In light of a memo sent out on Oct. 15 from Columbia President Warrick L. Carter, the College Council invited Carter to speak at its end-of-semester meeting on Dec. 5.
Carter and Allen Turner, chairman for the board of trustees, addressed concerns from the memo such as Columbia’s financial situation, student affordability and the construction of the new Media Production Center at the meeting. Carter’s memo cited budget cuts, such as reduction of newly hired full-time faculty or staff; curbing of construction projects, except for the MPC, 916 S. Wabash Ave. and 1000 S. Wabash Ave.; and a freeze on non-course-related travel expenses.
The president said the college will save approximately $10 million from various extra expenses such as construction and travel. Carter also said the school spends approximately $1.5 million on catering, which is an expense he’s also looking to reduce from the college.
Carter announced at the meeting that the college’s endowment is down approximately 35 percent. Earlier this semester it was down 42 percent.
“We are going through an extremely frightening financial time,” Carter said to the council. “The good news for us is that it’s not as bad as others.”
Carter said the height of the college’s endowment was $115 million and is now down to $74 million as a result of the recent economic downturn. He said the endowment has seen a great improvement from the time his administration took over, when it was only at $45 million.
“We are still ahead from when we started some eight years ago,” Carter said. “So if there’s sort of positive news, it’s that we’re doing somewhat OK.”
Carter also noted the $10 million placed in the college’s long-term investment portfolio from the budget surplus in August 2007 was gone as of this past August. He said this year the college “punted” and didn’t place $14 million into the investment portfolio. Instead, the college placed it back into Northern Trust, the financial institution that handles the operating budget, which he said was better than losing the money altogether.
Columbia, however, isn’t struggling as much as some of the other institutions in the Chicago area, Carter said. The college didn’t place any money into Wachovia Bank, whereas institutions that have are in “dire straits.”Turner said the college has no intention of using any of the money out of its long-term investment portfolio, and the institutions that have been are struggling. Turner also announced the college must raise tuition next year in order to combat rising costs at the college.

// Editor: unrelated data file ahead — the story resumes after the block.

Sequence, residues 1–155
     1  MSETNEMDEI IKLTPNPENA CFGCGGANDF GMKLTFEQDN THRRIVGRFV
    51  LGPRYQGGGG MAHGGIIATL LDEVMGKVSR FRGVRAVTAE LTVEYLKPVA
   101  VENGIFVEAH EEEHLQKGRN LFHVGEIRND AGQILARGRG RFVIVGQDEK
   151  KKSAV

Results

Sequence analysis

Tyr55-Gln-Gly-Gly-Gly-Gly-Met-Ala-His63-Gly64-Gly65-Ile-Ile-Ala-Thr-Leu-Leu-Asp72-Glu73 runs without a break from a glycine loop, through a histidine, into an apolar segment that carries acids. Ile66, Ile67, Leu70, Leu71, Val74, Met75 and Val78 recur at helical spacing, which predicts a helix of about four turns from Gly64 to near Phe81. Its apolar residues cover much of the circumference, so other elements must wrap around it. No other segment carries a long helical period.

“We’re currently having a discussion about tuition,” he said. “By the bylaws, the board of trustees must approve the tuition increases.”
Turner said the two main issues, not only on campus but also across the country, are affordability and accessibility for students.
“All around us, tuition is being raised,” Turner said. “Last year, we were very close to [a] 5 percent [increase] and that was low. This year we think state schools will be 9 or 10 percent, [and] other private colleges will be materially higher. So, we’re trying to keep that down.”
He said the official increase will be announced around January and will not be “outlandish” or “frighten students away.”
Carter said the college is also working on creating more scholarship dollars for students in conjunction with the tuition and the increase will be “significant.”
“It’s premature to talk about numbers or percentages at this time,” Carter said. “[The scholarship proposal] is something the staff is quite excited about and we think that once it’s approved by the board everybody else will be, too. But it doesn’t exist until the board approves it.”
Turner said although the meeting to discuss scholarships is the week of Dec. 8, they’re waiting until the end of winter break to announce it.
Carter also mentioned the MPC in his address to the council. He said the college will break ground at a ceremony on Dec. 10 at 5 p.m. More than 1,200 people have been invited to the event, including donors, the board of trustees, 2nd Ward Alderman Robert Fioretti, presidents of student organizations and the president’s council.
The money to build the MPC was allocated through a capital campaign that has raised approximately $11.5 million so far, Carter said. But only half of that will go toward the MPC-which is only one-quarter of the $20 million needed to complete the project. The other half raised will go toward specific programs, the endowment or scholarships.
“We can move ahead, or we can hold everything,” he said. “I’m a guy that moves ahead. I have full confidence that we will receive the balance of that money. There’s no issue of that between now and .”
Alicia Berg, vice president of Campus Environment, said the campus is doing everything in its power to increase security, as well. On Sept. 26, Michael Underwood, a member from the Columbia Alumni Association Network, was attacked about three blocks from the location of the MPC at 14th Street and Wabash Avenue and was in critical condition.
Joshua Culley-Foster, director of the Alumni Association, said Underwood was released from the hospital the week of Nov. 10 after an induced coma lasting a little more than three weeks and further observation from medical staff.
Berg said the college has installed closed-circuit cameras in all campus buildings and has placed a security guard at every building at all times. Most recently, the college announced it’s looking for an associate vice president for Safety and Security.
“It’s the one new position that got approved in this fiscal year 2009 budget because of the security concerns in general,” she said. “It’s absolutely something I’m very focused on.”